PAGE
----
So, you’re wondering how to become a social media manager with no experience?
Let me tell you how I did it. In May of 2018, I graduated with my Bachelor of Arts Degree in Political Science with a minor in History. From the time I entered college in 2014 until 2019, I ate, breathed, and dreamt politics.
During college, I…
- had internships with the Hispanic Federation, Republican Party of Florida, and Senator Bill Nelson
- worked as a legal assistant at a law firm for 3 years with hopes of going to law school after graduation
- was a member of 2 politically-focused clubs, which gave me the opportunity to travel to Washington D.C. a few times a year for conferences
- put on presentations to different campus organizations, registering college youth to vote during the 2016 election
At this point in my life — I expected to either be attending law school or working on Capitol Hill. Instead, I’m a social media manager and small business owner.
But — the craziest part? I became a social media manager and opened a marketing agency with no marketing degree and no real experience.
If you wanted to learn how to become a social media manager with no experience, you came to the right place.
Here’s how I did it and how you could do the same.
I did my research before switching career paths
Shortly after graduating with my Political Science Degree, I started a job on a political campaign. I hated it and ended up quitting. Shortly after, I started a job as a court reporter and hated that one even more. But, it was at my court reporting job that I learned the most about the freelancing world and what it takes to go full-time.
I listened to the Goal Digger Podcast by Jenna Kutcher to learn about becoming an entrepreneur. I followed freelance writers, social media managers, and virtual assistants on Instagram. I joined a Facebook group for aspiring virtual assistants and eventually bought a low-cost course.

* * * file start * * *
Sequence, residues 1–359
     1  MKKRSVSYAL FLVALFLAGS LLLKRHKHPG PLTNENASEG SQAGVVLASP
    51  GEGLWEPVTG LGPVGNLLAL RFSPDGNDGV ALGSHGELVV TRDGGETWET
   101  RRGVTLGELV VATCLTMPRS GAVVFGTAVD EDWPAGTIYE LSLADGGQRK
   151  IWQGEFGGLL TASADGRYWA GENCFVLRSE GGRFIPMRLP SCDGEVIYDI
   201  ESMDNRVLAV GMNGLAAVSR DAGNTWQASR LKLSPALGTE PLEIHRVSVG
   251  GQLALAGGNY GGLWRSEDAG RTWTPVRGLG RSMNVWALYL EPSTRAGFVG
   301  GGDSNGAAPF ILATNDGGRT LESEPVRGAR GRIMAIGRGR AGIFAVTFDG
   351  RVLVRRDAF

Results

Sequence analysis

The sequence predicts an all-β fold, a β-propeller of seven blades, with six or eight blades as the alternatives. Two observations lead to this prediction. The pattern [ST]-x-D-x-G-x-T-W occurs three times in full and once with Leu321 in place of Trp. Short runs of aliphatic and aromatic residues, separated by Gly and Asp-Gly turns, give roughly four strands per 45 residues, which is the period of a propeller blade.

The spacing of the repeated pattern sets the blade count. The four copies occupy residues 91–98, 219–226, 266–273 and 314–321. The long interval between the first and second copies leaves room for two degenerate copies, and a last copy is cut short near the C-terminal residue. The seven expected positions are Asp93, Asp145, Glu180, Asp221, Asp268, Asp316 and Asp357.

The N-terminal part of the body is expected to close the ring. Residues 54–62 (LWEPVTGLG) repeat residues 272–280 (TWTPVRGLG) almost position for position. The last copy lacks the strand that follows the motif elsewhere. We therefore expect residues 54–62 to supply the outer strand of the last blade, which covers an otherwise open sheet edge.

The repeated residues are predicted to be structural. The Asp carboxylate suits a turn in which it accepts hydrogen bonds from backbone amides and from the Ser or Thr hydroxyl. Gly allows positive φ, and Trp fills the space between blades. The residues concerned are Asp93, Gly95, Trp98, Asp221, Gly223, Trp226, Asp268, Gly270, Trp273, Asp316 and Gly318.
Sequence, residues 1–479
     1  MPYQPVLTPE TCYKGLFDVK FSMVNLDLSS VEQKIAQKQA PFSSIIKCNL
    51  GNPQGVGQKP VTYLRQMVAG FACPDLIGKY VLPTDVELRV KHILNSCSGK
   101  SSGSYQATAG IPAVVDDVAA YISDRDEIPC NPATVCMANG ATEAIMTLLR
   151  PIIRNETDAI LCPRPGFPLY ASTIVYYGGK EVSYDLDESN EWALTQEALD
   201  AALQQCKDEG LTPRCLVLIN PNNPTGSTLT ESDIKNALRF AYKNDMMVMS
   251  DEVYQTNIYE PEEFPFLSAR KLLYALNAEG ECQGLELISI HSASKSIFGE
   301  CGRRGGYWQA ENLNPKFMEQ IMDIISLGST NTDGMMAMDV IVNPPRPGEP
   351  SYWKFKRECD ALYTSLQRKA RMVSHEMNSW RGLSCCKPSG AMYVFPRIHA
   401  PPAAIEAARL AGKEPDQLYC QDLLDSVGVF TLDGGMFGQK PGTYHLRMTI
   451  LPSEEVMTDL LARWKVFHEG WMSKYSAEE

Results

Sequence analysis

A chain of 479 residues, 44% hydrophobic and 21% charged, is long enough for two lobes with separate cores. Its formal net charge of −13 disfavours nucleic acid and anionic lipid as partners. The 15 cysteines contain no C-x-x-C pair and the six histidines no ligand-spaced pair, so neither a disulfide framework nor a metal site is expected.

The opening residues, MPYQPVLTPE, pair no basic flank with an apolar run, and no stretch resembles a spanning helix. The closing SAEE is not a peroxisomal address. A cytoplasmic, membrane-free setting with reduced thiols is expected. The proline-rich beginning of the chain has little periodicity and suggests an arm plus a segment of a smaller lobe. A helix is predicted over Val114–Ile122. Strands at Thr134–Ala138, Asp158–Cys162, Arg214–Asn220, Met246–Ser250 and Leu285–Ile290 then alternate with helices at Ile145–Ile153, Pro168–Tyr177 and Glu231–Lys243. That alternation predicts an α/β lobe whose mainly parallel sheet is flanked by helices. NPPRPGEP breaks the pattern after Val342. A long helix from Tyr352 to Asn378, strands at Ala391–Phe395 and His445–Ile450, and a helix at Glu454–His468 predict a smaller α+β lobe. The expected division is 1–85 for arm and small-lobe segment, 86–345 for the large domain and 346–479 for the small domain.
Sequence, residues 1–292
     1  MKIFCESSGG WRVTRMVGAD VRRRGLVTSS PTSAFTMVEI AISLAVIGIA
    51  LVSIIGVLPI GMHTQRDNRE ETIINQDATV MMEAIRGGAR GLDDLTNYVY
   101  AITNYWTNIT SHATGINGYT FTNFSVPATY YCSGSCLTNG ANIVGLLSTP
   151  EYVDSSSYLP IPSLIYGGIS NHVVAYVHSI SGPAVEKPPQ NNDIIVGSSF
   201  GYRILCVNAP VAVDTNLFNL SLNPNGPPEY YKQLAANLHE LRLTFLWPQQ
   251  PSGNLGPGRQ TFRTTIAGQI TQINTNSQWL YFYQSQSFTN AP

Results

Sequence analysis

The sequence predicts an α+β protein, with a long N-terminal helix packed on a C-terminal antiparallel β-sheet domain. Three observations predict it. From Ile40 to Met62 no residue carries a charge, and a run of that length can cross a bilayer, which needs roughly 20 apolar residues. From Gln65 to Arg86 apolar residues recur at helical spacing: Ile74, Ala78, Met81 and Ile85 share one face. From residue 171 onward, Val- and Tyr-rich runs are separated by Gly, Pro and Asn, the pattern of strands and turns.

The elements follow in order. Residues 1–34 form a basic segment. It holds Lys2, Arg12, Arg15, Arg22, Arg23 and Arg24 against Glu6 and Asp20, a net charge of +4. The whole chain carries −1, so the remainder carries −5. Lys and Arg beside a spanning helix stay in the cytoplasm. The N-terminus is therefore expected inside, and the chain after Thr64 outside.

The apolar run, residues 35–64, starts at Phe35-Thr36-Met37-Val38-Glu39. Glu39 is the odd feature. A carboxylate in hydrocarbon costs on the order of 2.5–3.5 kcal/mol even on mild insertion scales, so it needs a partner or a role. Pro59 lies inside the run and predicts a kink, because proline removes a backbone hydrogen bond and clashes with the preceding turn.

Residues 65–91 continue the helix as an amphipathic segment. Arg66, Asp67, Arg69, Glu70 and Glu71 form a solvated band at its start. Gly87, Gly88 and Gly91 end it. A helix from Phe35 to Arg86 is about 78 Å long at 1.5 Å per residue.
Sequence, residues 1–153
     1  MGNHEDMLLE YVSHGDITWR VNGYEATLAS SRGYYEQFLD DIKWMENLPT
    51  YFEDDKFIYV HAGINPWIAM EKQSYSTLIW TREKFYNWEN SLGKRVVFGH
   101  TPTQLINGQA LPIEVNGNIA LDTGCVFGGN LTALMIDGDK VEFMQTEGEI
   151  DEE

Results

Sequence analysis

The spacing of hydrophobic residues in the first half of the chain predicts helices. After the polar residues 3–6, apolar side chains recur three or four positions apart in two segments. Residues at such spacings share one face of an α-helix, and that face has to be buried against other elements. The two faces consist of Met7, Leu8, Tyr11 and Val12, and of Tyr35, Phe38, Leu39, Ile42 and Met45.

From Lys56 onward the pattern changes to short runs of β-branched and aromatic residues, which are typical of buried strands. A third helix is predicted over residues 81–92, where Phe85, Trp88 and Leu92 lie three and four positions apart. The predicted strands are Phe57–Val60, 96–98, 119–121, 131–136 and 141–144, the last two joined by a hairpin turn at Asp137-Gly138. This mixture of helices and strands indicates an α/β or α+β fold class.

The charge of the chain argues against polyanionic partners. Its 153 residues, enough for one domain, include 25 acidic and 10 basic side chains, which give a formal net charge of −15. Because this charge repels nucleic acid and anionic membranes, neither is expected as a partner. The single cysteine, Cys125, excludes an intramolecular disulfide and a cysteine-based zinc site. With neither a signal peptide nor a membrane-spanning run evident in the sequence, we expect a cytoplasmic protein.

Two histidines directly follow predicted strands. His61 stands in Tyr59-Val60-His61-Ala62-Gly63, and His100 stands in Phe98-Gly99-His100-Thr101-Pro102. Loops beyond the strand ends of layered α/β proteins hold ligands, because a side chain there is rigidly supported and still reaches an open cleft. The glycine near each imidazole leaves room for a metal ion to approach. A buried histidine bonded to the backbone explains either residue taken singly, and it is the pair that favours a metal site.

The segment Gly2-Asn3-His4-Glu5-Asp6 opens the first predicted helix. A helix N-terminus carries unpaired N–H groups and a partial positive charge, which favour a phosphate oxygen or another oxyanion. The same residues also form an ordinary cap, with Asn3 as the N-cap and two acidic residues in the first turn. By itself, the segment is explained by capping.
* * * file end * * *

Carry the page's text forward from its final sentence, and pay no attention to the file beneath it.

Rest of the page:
Creating Pinterest Boards upon Pinterest Boards of blog posts with advice for becoming your own boss was my new hobby.
Moral of the story: Do some research about freelancing and the different work you can do, as well as what it takes to go full-time to make sure it’s something you even want to get into.
I started working as a freelance virtual assistant
When you first step into the freelance world, it can be overwhelming. There are many avenues you can go down, and I didn’t believe I had any skills that people would hire me for.So, I began my entrepreneur journey working as a freelance virtual assistant.
Given my research, the results showed that practically anyone could become a virtual assistant. I had worked for 3 years as a legal assistant, where I did a lot of administrative tasks. I figured this would be the most comfortable way for me to get started while I got my footing in the freelancing world.
I posted on my personal Facebook page and Instagram that I was now offering virtual assistant services and blabbered it to anyone that would listen. This method alone got me 2 clients right off the bat!
My first 2 clients were family food bloggers with substantial followings — Aggie’s Kitchen & The Little Kitchn. I was primarily editing & drafting blog posts on their websites, transcribing audio, doing data entry, and crafting Pinterest images.
I was working about 6 hours every 2 weeks total between them, making $17/hour for both. It wasn’t much, but it was a start while I learned and was still working a full-time 9–5 job. And I could finally say that I was making my own money.
I networked online & in person to expand my client base
My ultimate goal was to become a full-time freelancer so that I could quit my job as a court reporter. But, my job had other plans for me because they fired me about 2 months into my freelancing journey.
Hustle Mode: Activated.
I didn’t want to go back to another 9–5 job, so I went all-in on finding new clients. And do you want to know the best way to find new clients?
When I say networking, I don’t mean following 50+ “potential clients” on Instagram each day and sending them the same shady message, pitching your services. I mean genuine, intentional, authentic networking — either online or in person.
I may not have taken much from my academic learning in college, but one lesson I did learn is that it’s not about what you know, but about who you know — and this is something that rings tried and true in the freelancing world.
Here’s the thing: people will hire you if they trust you, and often, a common connection is enough to bridge that trust gap. You never know when someone you met at a Chamber of Commerce meeting refers you to his wife’s company that happens to be in the market for a social media manager or freelance writer for their website’s blog posts.